|Funding for:||UK Students, EU Students|
|Funding amount:||£15,009 (rises with inflation each year)|
|Placed On:||17th January 2020|
|Closes:||14th March 2020|
We are offering an exciting 4-year PhD studentship* for candidates interested in discovering how health and wellbeing are transmitted across generations within families. The studentship will use data from a range of large family-based studies to investigate the causal relationships between health and social outcomes. The successful candidate will benefit from a highly multidisciplinary supervisory team and research training environment in the MRC Integrative Epidemiology Unit (http://www.bristol.ac.uk/integrative-epidemiology/).
The increase in data availability and sample sizes of genotyped family-based studies is transforming our understanding of the intergenerational transmission of inequality, and how family-level exposures affect health and social outcomes. The successful candidate will use methods that exploit unprecedented number of family-based samples to unpick the causal relationships that shape outcomes across the lifecourse. These study designs will include between-sibling, mother-father-offspring trio, and between/within family methods. Data will include a range of cohort studies including The Norwegian Mother, Father and Child Cohort Study (MoBa), The Avon Longitudinal Study of Parents and Children (ALSPAC), The Nord-Trøndelag Health Study (HUNT), and UK Biobank. These recently developed methods have been used to investigate the causal effects of BMI and height on health and education (Brumptom et al 2019), and there is scope for the successful candidate to apply these methods to their own substantive areas of interest. This PhD offers potential candidates the opportunity to make a strong contribution to the fields of causal inference, statistical epidemiology and genetic epidemiology.
The PhD student will be based within the MRC Integrative Epidemiology Unit (IEU) at the University of Bristol, a leading centre for research excellence in population health science. The candidate will start in October 2020 and be supervised by a team consisting of Dr Neil Davies, Prof George Davey Smith, Dr Tim Morris and Dr Alexandra Havdahl. The IEU is an exciting, multi-disciplinary research environment that brings together world leading epidemiologists, statisticians, bioinformaticians, molecular biologists and psychologists to understand causal mechanisms of disease.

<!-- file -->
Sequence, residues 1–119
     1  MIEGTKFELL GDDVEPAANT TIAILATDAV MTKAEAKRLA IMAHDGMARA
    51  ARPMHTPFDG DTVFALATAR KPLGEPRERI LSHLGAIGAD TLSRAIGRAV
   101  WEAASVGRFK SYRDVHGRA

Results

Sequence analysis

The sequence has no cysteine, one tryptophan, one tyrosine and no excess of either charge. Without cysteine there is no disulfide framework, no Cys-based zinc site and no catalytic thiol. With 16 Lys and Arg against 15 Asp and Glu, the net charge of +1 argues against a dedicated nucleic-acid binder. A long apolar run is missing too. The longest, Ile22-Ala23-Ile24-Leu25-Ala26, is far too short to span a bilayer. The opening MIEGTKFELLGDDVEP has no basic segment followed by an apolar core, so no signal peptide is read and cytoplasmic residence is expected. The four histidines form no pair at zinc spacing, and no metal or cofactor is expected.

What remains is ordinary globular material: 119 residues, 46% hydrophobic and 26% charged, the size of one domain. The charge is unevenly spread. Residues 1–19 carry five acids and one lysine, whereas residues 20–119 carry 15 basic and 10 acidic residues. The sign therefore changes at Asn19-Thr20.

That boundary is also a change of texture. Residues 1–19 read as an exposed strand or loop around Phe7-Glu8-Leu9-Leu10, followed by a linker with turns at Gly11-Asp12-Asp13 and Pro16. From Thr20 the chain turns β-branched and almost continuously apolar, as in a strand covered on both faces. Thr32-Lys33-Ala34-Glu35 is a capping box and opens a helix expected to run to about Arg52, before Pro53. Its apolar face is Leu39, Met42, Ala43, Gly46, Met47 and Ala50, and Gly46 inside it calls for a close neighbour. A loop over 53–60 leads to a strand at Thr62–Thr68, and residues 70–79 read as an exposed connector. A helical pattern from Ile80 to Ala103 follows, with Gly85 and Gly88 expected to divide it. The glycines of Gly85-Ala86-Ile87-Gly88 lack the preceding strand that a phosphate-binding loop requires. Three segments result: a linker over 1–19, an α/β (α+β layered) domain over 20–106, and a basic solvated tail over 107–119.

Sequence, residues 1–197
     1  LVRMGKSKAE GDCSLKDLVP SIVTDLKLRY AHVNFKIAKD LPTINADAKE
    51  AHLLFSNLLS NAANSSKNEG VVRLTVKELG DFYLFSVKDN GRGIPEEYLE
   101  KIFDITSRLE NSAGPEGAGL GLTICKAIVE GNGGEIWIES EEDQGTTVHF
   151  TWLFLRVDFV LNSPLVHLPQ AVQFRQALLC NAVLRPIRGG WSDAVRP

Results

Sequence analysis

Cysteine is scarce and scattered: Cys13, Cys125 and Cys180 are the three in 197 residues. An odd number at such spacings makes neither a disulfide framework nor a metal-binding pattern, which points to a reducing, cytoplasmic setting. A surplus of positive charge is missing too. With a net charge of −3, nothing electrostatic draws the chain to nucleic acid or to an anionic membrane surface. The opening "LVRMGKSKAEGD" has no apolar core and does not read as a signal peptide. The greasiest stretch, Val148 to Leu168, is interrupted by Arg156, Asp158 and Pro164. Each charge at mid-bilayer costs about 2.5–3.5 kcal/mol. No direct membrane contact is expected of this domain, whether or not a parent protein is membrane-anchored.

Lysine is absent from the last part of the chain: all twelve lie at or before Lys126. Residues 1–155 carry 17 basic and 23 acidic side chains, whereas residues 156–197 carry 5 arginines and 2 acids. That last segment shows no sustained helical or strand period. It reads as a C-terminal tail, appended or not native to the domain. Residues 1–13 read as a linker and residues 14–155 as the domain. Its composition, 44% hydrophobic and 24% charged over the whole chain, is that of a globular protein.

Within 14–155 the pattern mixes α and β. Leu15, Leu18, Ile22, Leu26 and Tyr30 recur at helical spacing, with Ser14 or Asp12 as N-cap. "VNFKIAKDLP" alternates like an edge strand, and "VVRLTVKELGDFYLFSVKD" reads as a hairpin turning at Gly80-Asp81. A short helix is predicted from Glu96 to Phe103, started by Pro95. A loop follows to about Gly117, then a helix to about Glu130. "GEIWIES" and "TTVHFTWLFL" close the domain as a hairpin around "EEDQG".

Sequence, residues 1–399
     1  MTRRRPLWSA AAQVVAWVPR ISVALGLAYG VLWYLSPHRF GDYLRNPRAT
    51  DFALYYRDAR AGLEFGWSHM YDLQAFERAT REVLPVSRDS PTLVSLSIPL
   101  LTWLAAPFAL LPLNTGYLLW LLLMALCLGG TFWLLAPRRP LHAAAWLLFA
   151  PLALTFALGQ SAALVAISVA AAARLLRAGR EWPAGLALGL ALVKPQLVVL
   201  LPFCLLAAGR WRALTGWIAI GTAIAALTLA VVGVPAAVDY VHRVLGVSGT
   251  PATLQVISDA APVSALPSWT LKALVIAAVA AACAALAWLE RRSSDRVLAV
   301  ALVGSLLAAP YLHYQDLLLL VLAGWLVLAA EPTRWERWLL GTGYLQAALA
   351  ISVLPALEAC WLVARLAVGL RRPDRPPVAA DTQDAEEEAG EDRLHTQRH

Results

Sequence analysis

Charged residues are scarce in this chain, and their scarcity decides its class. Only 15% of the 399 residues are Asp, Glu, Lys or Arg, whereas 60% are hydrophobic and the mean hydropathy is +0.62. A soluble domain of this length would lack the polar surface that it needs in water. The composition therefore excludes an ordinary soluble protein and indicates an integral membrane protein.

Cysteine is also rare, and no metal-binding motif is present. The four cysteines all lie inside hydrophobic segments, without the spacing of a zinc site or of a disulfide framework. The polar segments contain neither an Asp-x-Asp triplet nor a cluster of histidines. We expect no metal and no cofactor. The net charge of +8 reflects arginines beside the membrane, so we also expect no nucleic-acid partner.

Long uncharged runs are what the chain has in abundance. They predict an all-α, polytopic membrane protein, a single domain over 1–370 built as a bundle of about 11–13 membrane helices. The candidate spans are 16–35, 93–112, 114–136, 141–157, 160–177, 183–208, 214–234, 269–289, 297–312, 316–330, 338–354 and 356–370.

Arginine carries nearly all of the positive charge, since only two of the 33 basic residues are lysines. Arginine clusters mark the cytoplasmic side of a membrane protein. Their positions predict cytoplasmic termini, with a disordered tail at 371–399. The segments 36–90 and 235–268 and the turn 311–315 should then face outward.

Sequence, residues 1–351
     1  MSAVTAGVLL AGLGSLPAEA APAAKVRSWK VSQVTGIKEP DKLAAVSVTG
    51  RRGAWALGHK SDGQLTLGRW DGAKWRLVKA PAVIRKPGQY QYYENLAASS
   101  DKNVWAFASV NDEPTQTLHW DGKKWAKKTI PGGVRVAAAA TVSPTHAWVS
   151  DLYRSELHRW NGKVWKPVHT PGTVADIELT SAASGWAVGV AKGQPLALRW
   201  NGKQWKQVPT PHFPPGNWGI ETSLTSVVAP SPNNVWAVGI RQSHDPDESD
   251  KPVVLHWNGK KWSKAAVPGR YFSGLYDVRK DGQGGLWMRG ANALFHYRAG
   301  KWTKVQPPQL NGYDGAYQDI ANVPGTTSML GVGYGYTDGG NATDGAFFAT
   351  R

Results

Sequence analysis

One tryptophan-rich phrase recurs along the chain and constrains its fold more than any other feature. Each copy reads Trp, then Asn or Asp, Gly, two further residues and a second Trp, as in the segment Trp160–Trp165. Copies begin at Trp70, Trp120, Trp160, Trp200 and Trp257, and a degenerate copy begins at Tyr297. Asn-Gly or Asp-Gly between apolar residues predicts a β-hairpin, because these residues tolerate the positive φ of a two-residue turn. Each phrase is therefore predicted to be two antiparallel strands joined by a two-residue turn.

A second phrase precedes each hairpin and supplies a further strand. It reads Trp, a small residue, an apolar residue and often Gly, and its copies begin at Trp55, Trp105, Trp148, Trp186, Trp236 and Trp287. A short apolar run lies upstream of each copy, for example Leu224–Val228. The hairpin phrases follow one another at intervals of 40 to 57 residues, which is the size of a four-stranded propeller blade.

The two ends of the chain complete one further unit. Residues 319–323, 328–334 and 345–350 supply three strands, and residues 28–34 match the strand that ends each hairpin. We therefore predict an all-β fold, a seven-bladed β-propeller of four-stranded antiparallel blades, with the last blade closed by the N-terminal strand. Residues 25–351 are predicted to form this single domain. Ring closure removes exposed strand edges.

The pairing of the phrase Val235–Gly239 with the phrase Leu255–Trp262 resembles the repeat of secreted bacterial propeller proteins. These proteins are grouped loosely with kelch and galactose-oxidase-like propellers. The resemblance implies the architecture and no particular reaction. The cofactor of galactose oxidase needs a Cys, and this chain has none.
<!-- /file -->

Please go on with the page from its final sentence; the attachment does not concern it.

* Depending on the qualifications, experience and skills of the person offered the studentship this will be either a 4- (1 + 3) year or a 3-year studentship. If offered as a 4-year studentship the student will complete 3 ‘mini-projects’ in different areas to develop their multidisciplinary skills before starting their main PhD project.
How to apply:
Please make an online application for this project at http://www.bris.ac.uk/pg-howtoapply. Please select Faculty of Health Sciences and Population Health PhD on the Programme Choice page. You will be prompted to enter details of the studentship in the Funding and Research Details sections of the form.
For general enquiries linked to the online application process, please email firstname.lastname@example.org
Applications are sought from high performing individuals who have, or are expected to obtain, a 2.1 or higher degree (or equivalent) in a biological, mathematical or related quantitative discipline. Possession of a relevant Masters degree or research experience would be advantageous, but is not expected.
The studentship is funded by the MRC at standard MRC rates (£15,009 for 19/20), covers the cost of tuition fees and provides £1,000 per year training costs. Standard MRC eligibility criteria apply. Only applicants from the UK or EU applicants who have been working for 3 years continuously are eligible to apply for this programme.
Dr Neil Davies (Neil.Davies@bristol.ac.uk).
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